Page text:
I’m not asking this because it’s mulled wine time. You can have it 😉
But when I decided to abstain from alcohol in November, I realized that we numb our bodies with all kinds of things – sometimes quite unconsciously.
Often we only notice it when we “sober up” in the corresponding area – that is, when we practice abstinence for a while. If we consume something regularly, we get used to it very quickly – and lose the feeling for the right measure. Anyone who has ever used the same perfume or aftershave for a longer period of time will be familiar with this: after a while, you get the feeling that the scent fades much faster. But the truth is that we perceive it less and less because our nose has already become accustomed to it. And when things go badly (for our fellow human beings ;-)) we continuously increase the amount until we smell it again.
“Anesthesia” can set in when we need more and more of something that boosts our reward system in the brain to achieve the desired feeling of happiness.
Or when we continuously distract ourselves to hide away from feeling.
Here is a small selection of common “anesthetics”:
- Alcohol (to relax and unwind)
- Sugar (happiness kick)
- Caffeine (energy kick)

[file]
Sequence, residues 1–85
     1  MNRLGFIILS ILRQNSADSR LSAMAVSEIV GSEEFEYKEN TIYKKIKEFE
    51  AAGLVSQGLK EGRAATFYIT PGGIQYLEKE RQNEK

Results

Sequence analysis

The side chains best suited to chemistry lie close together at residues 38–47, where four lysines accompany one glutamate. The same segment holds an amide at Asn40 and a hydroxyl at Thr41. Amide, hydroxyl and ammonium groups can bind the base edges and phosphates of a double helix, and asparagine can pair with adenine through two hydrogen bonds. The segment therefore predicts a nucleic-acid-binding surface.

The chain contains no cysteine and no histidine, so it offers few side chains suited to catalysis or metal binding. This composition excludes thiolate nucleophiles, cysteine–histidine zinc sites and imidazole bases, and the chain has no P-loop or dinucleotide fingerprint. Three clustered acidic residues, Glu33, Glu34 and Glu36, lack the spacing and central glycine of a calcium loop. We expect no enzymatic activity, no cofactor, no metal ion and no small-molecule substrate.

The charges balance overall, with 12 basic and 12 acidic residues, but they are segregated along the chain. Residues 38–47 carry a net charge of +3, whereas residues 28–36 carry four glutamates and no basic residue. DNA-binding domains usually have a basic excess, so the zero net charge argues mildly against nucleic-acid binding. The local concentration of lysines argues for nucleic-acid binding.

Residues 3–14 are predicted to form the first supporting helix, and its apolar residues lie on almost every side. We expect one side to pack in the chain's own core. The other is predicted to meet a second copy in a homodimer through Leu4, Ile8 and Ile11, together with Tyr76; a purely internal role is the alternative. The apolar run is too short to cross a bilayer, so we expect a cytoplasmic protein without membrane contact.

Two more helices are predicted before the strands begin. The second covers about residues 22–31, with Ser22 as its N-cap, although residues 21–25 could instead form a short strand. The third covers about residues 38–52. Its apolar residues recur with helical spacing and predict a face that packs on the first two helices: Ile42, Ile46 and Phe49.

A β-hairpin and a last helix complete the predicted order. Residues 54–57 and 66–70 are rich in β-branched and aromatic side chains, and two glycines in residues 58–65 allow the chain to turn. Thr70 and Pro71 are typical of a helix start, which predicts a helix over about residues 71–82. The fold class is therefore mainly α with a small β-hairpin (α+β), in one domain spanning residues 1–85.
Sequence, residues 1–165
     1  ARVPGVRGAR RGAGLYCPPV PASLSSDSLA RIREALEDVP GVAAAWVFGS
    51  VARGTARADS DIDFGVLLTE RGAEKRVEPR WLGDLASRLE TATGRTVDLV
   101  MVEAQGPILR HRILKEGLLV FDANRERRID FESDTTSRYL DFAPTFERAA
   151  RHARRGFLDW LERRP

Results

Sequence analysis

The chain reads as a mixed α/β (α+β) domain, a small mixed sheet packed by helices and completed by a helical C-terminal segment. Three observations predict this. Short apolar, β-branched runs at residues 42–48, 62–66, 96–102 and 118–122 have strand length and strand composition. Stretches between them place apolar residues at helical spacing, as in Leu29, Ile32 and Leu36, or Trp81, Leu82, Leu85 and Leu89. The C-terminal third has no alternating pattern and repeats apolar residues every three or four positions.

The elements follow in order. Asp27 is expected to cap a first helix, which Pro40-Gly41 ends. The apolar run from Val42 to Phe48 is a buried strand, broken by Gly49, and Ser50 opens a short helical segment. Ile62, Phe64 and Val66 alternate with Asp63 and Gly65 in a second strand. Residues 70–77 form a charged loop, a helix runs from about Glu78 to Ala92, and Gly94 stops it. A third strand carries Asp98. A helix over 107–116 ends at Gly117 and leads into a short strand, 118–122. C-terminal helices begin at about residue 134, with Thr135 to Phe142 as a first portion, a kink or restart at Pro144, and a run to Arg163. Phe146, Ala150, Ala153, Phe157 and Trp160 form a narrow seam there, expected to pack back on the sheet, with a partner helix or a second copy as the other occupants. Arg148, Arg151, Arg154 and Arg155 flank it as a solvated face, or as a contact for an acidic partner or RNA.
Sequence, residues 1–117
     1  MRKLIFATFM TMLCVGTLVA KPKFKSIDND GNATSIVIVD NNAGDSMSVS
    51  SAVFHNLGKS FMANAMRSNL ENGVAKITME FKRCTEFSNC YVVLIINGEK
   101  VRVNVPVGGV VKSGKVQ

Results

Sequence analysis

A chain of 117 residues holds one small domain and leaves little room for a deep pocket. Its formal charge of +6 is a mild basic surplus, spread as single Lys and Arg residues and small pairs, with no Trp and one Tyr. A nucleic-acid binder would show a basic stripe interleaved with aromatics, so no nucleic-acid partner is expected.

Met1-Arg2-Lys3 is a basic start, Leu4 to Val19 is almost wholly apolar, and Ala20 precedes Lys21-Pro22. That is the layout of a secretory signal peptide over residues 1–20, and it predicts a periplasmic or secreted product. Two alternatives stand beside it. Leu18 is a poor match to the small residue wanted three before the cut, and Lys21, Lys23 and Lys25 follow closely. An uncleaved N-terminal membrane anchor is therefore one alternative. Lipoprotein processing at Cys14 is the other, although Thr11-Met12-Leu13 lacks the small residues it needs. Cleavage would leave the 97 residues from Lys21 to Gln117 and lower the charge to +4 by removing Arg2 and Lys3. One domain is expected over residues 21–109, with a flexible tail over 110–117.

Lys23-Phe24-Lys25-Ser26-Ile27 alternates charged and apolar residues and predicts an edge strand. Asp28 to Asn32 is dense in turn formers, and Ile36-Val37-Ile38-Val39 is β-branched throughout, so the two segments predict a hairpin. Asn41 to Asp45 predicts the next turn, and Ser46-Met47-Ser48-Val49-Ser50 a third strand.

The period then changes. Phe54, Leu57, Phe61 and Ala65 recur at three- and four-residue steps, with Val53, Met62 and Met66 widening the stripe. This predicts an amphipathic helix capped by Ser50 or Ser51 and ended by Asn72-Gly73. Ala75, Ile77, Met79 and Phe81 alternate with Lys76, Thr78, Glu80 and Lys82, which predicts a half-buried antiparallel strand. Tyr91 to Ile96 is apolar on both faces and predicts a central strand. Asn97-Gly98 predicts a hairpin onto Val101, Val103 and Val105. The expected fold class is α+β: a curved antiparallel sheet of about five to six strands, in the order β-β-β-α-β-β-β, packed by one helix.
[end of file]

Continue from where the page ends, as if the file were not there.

- Food (do you eat for hunger or appetite?)
- Work (“one more …. If I first… then …”)
- Thoughts (brooding)
- Social media / cell phone (the like kick, satisfying curiosity)
- Sports (“relief kick” upon completion)
- Busyness (always having something to do, even if it’s not actually useful or necessary; no breaks)
- Shopping (rewarding myself)
- News (“excitement kick”)
You can find out if you are still enjoying and consuming at a normal level or are already in numbing mode by answering these questions:
Can you enjoy it without immediately wanting more?
Do you consume consciously or casually? (e.g. messages in the cell phone or the bag of chips).
Do you feel after a certain amount a physical or emotional “enough” (saturation)?
Are you aware of how often and how much you consume?
Are you aware in which situations you reach for the respective “narcotic” and which craving you actually want to satisfy with it?
Do you sometimes consume so much of it that you only notice the “overdose” when you are no longer feeling well?
Can you do without it for a certain period of time without any problems? (Answer yes only after you have tried it – you will be surprised …).
Maybe you would like to start an experiment during the next days and weeks and do without one of your favorite “narcotics”?
It is definitely worth it! If you succeed, you will:
- gain exciting insights about yourself
- regain a sense of control
- become more mindful and aware of your feelings
- be more in touch with your body and its signals again
- regain the feeling for the right (healthy) measure
- use this awareness to better control what is good for you
- taste, feel and perceive the respective “remedy” more intensively after the renunciation
- feel clearer, stronger and more alive!
And: when you are in contact with yourself again, you can apply this conscious mindfulness to other areas.
How does that sound?
Here’s to more clarity and liveliness!